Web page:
When we bought the house, one of the upstairs closets was filled with bags of insulation. Bill and Rob decide to put it to good use by laying it beneath floorboards of unheated two rooms we're using for attic.
Rob Anderson, the contractor, specializes in "green" restorations that reuse materials that are already onsite. Here, he's turned a kitchen cold pantry into a mudroom/powder room using a sink retrieved from the basement. The sink had originally been used in the kitchen, but when the former owner redid the kitchen in 1972, he moved it into the basement for a dark room. Rob retrieved it and Mike the plumber removed years of photo chemical stains from the porcelain and rigged an artful copper drain below.
We shifted a door (and its molding) two feet to the right to provide better access to the hall bath on second floor.
Every week or so, we meet with the contractor to discuss how the project is coming along. In the master (tower) bedroom, Rob and Donald take a seat on the registers and discuss heating. Behind them, the tower bath is taped off because all the floorboards have been removed to make way for plumbing.
Roofs are still removed the old-fashioned way: with muscles and pitchforks. Matt and Rob peel off the house's second roof added in 1915 by Charles E. Rudd who renovated the house when he inherited it from his mother. The roof's era is indicated by hand-soddered tin squares over old hemlock roofer boards and hand-hewn chestnut beams. Happily, Rob noted, all beams proved intact.
Every few weeks or so, the team gets together to evaluate progress and discuss plans. Here, the owner, decorator, architect and contractor discuss progress on the roof, and proposed fixtures for the entrance.
The first roof we're replacing is over the garage which has been temporarily transformed into a carpentry shop. The garage isn't your ordinary drywall contruction, its walls are hand-hewn chestnut about 140 years old, built some time after the house was erected. Rob guesses it was originally a "mini-barn" used as storage for grain, and as shelter for horses and small livestock. The livestock were kept in stalls on the second floor. How'd they get them upstairs? They hauled them through a 4 x 4 trapdoor in the floor using a clever block and tackle system. Remnants of the system remain, including a hook with marks that mean it's hand forged. Rob also found an inscription by an attic philsopher: "We come and go." A tweet from 1934.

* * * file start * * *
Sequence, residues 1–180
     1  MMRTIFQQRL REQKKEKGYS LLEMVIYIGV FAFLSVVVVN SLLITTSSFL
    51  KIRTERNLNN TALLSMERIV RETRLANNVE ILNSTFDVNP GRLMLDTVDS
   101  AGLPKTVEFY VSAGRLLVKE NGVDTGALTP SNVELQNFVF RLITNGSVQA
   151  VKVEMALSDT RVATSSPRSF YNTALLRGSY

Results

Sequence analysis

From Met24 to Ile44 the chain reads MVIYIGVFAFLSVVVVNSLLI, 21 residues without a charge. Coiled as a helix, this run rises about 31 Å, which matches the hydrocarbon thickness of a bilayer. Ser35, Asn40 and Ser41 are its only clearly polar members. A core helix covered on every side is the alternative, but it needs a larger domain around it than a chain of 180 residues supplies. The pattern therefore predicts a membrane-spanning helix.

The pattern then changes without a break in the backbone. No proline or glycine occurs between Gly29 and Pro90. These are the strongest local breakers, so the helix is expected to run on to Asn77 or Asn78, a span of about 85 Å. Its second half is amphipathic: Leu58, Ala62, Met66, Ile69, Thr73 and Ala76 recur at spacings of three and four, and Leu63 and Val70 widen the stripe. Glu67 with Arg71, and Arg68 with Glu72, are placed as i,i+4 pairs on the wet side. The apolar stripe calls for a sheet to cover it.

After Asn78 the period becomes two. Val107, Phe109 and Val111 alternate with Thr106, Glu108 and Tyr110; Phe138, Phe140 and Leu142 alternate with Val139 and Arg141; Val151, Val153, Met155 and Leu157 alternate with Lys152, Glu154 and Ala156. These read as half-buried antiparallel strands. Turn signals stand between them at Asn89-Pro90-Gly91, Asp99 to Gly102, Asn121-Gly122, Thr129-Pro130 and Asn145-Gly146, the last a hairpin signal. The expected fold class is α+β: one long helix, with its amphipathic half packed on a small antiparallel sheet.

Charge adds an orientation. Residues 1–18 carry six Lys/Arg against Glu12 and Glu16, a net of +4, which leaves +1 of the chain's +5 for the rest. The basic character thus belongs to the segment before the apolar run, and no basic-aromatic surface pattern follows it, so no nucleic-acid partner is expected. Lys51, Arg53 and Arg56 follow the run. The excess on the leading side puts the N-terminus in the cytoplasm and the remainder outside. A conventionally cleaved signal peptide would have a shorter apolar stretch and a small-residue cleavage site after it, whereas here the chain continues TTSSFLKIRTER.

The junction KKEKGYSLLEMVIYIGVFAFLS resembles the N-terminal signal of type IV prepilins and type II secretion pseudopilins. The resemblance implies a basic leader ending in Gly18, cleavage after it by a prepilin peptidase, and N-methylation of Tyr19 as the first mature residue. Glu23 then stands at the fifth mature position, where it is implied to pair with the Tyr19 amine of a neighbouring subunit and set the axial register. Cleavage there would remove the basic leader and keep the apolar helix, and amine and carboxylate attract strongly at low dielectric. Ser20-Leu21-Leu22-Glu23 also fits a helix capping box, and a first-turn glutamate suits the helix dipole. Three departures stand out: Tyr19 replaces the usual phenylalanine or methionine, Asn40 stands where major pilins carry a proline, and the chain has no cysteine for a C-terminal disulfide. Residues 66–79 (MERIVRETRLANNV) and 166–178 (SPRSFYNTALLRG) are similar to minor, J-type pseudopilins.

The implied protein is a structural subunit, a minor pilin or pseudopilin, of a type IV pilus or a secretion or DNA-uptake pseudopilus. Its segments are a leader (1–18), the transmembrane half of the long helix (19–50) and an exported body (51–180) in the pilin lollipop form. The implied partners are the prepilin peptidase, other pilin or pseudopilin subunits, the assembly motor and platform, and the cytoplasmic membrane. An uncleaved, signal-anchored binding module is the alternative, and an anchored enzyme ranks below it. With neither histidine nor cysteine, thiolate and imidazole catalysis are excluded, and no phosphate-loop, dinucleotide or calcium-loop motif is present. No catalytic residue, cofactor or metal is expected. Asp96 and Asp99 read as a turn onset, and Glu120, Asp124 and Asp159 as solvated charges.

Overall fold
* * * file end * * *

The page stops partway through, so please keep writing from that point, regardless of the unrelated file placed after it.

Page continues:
Just off the master bedroom is a small octagonal room, a part of the turret, with lake views and a (crumbling) Juliette balcony. We think of turning it into an office or study, then Frank the architect has a better idea: put a clawfoot tub in the center of the room and turn it into a quirky, luxurious place to bathe. Donald, whose favorite form of decompression is a hot bath, loves this idea. Rob, the contractor, worries about pipe runs and measurements, so Frank gets down on the floor, assuming "bathtub position" to demonstrate how the placement could work.
who we are
We are a couple of Upper West Siders from NYC who never set out to buy an old mansion in Connecticut. But the moment we walked through its massive front door, we were smitten. The info on this site is earnestly cobbled from a variety of sources, including the web. Please let us know if we've gotten something wrong, or if there's a story about Holleywood you'd like to share.